Military Monday- Curtis Lamar Duck

My Military Monday is honor of someone I am not related to, but am tied to forever. His name is Curtis Lamar Duck, and he served and died in Viet Nam.

In 1993, I went to La Vista Memorial Park in National City, CA. It was the first time I had ever visited my mother's grave. As I looked for her name on the stones, I was distracted by a group of ducks a few headstones away. By the time I got there, the ducks were moving away, but as they moved, they revealed two headstones with the name "Curtis Lamar Duck." Father and son, side by side, eternally.


This moment in time was a surreal coincidence that called upon me 10 years later, when I one day felt an overwhelming need to learn more about the younger Duck.

Curtis Lamar Duck, II was born on March 6, 1947. He grew up in National City, CA and was known to his friends and family as Lamar. On February 16, 1967 Lamar's unit, Alpha Company, 1st Battalion, 22 Regiment, 4th Infantry Division (1/22, 4ID), was patrolling in an area they called 3-Tango (so called because it was on the border of Laos, Cambodia, and Vietnam in the Kontum Province). Their unit came under extreme fire and took a 21 life loss that day...Lamar was among the stolen.

In my research to learn more about Lamar, I was able to make contact with a man who was close to him while serving in the Army. Following is his response to me about Lamar and their last day together.

*The following recollection has some disturbing imagery into the reality of war.

"My first thoughts are, that the time I had to know anyone, was short. Yet, a few 
stand out from that time and for me Duck was one. I remember talking with him 
about surfing. Don't know if he ever did it....but he talked a good story. My 
being from Michigan kind of took me out of the surfing crowd. He was a handsome 
guy. His smile was infectious, his laugh was easy and natural. He had a cocky 
aura about him but not arrogant. I suspect he was probably a real lady killer.
    We either went by last name, or, if our last name was unusual, a nick name 
would be made up. I was "Pinky" for Penxa. I guess the "x" was to much to deal 
with. My grenadier was "Wink" for Winkler. Duck was good enough for him and I 
never heard anyone get away with calling him Lamar. 

On that day, 16 Feb. 1967, I had been with the unit probably a month. I had 
actually met Lamar Duck in the replacement company and went through in-country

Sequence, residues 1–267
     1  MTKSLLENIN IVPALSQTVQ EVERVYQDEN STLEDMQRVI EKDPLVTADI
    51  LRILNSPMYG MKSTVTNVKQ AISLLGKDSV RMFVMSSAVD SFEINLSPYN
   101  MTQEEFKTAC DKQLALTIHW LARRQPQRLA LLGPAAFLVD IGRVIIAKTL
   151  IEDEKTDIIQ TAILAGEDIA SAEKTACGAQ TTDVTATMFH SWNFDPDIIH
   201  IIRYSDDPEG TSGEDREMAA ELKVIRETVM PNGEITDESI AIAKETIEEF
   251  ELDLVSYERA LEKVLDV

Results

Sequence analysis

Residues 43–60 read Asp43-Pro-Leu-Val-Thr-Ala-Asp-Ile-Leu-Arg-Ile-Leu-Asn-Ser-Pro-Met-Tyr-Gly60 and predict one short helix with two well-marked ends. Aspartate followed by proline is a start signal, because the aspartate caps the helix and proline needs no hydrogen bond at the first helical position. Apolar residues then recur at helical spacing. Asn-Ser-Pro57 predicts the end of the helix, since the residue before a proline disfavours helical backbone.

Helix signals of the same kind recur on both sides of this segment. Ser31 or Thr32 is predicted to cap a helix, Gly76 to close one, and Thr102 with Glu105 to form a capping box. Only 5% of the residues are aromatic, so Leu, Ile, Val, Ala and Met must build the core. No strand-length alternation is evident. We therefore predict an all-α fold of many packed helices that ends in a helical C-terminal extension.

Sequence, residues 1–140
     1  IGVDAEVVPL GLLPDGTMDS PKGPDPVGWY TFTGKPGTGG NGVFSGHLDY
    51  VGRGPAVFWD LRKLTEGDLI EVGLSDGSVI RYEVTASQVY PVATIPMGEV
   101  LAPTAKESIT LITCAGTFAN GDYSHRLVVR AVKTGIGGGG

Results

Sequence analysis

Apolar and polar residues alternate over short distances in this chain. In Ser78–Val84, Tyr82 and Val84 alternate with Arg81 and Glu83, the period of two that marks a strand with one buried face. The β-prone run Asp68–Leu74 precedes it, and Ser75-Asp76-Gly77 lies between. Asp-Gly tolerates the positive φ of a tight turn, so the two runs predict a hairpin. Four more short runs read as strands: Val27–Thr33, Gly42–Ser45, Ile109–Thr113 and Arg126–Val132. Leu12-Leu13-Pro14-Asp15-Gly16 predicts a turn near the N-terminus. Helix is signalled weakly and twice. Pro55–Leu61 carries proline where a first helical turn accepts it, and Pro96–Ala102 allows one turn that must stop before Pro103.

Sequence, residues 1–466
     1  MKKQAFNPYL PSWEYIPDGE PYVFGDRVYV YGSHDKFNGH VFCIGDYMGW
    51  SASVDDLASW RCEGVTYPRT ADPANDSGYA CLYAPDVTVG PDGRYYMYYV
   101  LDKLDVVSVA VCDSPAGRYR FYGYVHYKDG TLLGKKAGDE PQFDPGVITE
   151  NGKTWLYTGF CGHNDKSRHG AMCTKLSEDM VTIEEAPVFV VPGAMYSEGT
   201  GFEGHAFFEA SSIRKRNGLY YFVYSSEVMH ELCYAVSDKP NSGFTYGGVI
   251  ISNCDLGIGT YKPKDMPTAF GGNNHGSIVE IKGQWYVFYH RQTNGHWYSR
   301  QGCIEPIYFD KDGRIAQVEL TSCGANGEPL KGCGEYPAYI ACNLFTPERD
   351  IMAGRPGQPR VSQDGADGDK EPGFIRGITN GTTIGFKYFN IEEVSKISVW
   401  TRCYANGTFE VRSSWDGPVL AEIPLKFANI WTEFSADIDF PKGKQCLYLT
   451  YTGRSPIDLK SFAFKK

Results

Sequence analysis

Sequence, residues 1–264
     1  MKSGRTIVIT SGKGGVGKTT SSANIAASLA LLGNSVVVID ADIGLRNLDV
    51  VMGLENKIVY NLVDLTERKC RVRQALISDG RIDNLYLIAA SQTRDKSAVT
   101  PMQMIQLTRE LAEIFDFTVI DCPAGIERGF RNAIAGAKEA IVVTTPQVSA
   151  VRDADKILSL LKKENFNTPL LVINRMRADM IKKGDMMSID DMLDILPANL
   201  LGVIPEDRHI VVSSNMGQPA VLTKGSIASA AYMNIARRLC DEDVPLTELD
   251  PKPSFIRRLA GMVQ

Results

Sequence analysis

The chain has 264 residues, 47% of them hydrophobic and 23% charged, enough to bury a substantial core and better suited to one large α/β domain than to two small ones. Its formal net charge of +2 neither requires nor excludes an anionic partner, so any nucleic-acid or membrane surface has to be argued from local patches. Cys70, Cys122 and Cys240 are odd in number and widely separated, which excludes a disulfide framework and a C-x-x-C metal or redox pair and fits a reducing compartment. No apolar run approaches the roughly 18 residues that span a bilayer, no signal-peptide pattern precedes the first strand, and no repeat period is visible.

training with him.
We had been convoyed to a miserable firebase
known as 3-Tango (previously had been 3-Church). 
Our mission was to conduct search and destroy operations near the Cambodian 
border in order to interdict NVA forces attempting to infiltrate the central 
highlands. We were not dealing with what was known as V.C. These guys were North 
Vietnamese regulars with Red Chinese mixed in. New clean uniforms,new AK-47s and 
they smelled like Jade East.
We walked through the rain forest looking and listening. At around 3 in the 
afternoon, the point saw fresh footprints in the wet ground and followed them. 
The unit moved cautiously, quietly. The next thing I knew, an ear splitting 
sound was filling my head. I could not identify what was making such a horrific 
noise. For what seemed like forever I lay in the undergrowth trying to figure it 
out. But then I could see the plants and small trees being cut down by gunfire. 
Gunfire so intense that no individual weapon could be heard. The sound was like 
the scream of a jet engine and a large waterfall combined.
Everything was in slow motion. I made up my mind at that moment that I was dead. 
I think it was a good attitude to have, at least I didn't have to worry about it 
anymore.
Lamar was not in my squad and was some distance away during the first few 
seconds of this ambush. Lee Lewis was beside me and as I turned to look at him 
he got hit in the mouth and throat. The hours after that defy description, at 
least mine. This contact went on until 7 or 8 in the evening. Artillery fire, 
air support and a "Dragon ship" got the NVA off our back but our losses were 
heavy. As we recovered the bodies I saw many that I recognized, some more easily 
than others. Many friends there, I felt very lonely, very angry, very afraid. 
    Because I was a replacement, I got to know very few people. Now, in a few 
short moments, there were even less.One thing was for sure, it was going to be a 
long year. Little did I know that March would be as bad."



Lamar was posthumously awarded a Bronze Star. There is some discrepancy as to whether or not it was with a "V" attachment (for Valor) or an "M" (for Merit). The documentation I received stated that it was for merit, but one of the gentleman who runs a Vietnam Memorial Wall website states that his verification of the award proves to carry the "V". No life is given meritoriously, so a designation of valor is definitely more appropriate.

In any case, the loss of Lamar's life was felt deeply. I have had various correspondence with his friends and family members over the years, all of which express regret over the loss of him. He was young and full of so much potential, as were so many of our lost loved ones. And I am honored to have made my connection with him.

Because of my encounter with Lamar Duck, my family and I were honored to support Alpha Co., 1/22, 4ID in their first tour in Iraq in 2003.

If you have served, or will serve, thank you. If you have a loved one serving, or has served, thank you.

If we can't bring them home safely, then we owe it to them to remember them...forever.

For more information about the 1/22, you can visit http://1-22infantry.org/
To visit Lamar's memorial page, you can visit
 http://1-22infantry.org/kia/duckpers.htm

1 comment:

  1. In the midst of all that imagery by Lamar Duck's fellow soldier, I was taken by his odd observation that the NVA smelled like Jade East.

    ReplyDelete